While not a substitute for targeted instruction from a clinically trained instructor, regular classroom teachers can support students with dyslexia through the following strategies and approaches:

  • Offer content in multiple formats (listening centers and electronic books as well as print materials).
  • Simplify directions. Give directions one step at a time, or provide a written list.
  • Help students manage time by using timers (for the entire class or on an individual student’s desk).
  • Provide modified or shortened spelling lists.
  • Allow students to write a first-draft of an assignment without worrying about spelling. Proofread the draft and provide support for students as they correct spelling mistakes.
  • Give students advance warning that they will read aloud. Giving a student a passage the day before and asking him to practice prepares him to read confidently in front of the class, removing the fear of embarrassment. No one else needs to know!

Dyslexia may occur alongside other language-based disorders, including dysgraphia.


Less researched than dyslexia, dysgraphia is a disorder that expresses itself through difficulties in writing. Like dyslexia, this disorder results in skills that are substantially below what would be expected given the individual’s age, intelligence, and education. Dysgraphia is also thought to be a neurological disorder and not the result of low intelligence or lack of motivation.

Symptoms of Dysgraphia

Individuals affected by dysgraphia may exhibit some or all of the following symptoms:

  • Poor handwriting
  • A mixture of upper- and lowercase letters
  • Irregular letter sizes and shapes
  • Unfinished letters
  • Odd writing grip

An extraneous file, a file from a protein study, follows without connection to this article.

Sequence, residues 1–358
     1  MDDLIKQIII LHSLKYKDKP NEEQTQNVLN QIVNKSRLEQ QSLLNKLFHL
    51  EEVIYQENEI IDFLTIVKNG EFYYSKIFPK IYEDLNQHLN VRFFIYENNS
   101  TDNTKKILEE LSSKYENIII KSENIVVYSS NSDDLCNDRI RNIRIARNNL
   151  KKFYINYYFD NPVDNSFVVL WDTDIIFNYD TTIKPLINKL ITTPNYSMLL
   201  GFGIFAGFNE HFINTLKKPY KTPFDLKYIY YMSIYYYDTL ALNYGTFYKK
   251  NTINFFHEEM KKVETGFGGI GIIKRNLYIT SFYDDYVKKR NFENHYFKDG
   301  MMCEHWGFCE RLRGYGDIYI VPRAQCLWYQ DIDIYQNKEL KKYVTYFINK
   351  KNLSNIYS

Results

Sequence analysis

• Many spelling mistakes
  • Pain when writing
  • Decreased (or increased) speed of writing and copying
  • Talks to self while writing
  • Struggle to use writing as a communication tool
  • Reluctance or refusal to complete writing tasks

Again, a formal evaluation by a qualified professional is the only way to diagnose dysgraphia. Many students will struggle with poor handwriting and spelling, but are not necessarily affected by dysgraphia. For those that are, the physical process of writing actually impedes their ability to convey information to others – leading to the perception that they are not intelligent or are unmotivated or lazy. Individuals with undiagnosed dysgraphia are often frustrated and stressed by written tasks.

Strategies and Intervention

Formal interventions may include treatment for motor disorders, occupational therapy, and treatment of memory impairments and other neurological problems. Regular classroom teachers can also use the following strategies and modifications:

  • Use small pencils (a typical pencil cut into thirds or golf pencils) or triangular-shaped pencils to promote a functional grip.
  • Include regular and explicit handwriting instruction beyond the primary grades.
  • Use prewriting activities (discussion, webbing) to help students formulate ideas before writing.
  • Teach keyboarding skills.
  • Allow students to use a laptop or word processor for class work.
  • Provide extra time for in-class assignments.
  • Allow students to type homework instead of writing by hand.
  • Allow students to dictate to an adult or into a tape recorder. The work can then be transcribed by the teacher or the student at a later time.

In addition, teachers should remember that these students are not simply lazy or less intelligent than others. By incorporating some of the strategies listed above, teachers will find that these strategies benefit their students, whether they are dyslexic or dysgraphic or not.


The International Dyslexia Association
A comprehensive source of information for researchers, parents, and educators. Includes information on dysgraphia as well as dyslexia.

Learning Disabilities Association of America
LDA is an organization advocating for individuals with learning disabilities from around the world. The site includes information for parents, teachers, and professionals.

This article was written by Jessica Fries-Gaither. For more information, see the Contributors page. Email Kimberly Lightle, Principal Investigator, with any questions about the content of this site.

Copyright April 2010 – The Ohio State University. This material is based upon work supported by the National Science Foundation under Grant No. 0733024. Any opinions, findings, and conclusions or recommendations expressed in this material are those of the author(s) and do not necessarily reflect the views of the National Science Foundation. This work is licensed under an Attribution-ShareAlike 3.0 Unported Creative Commons license.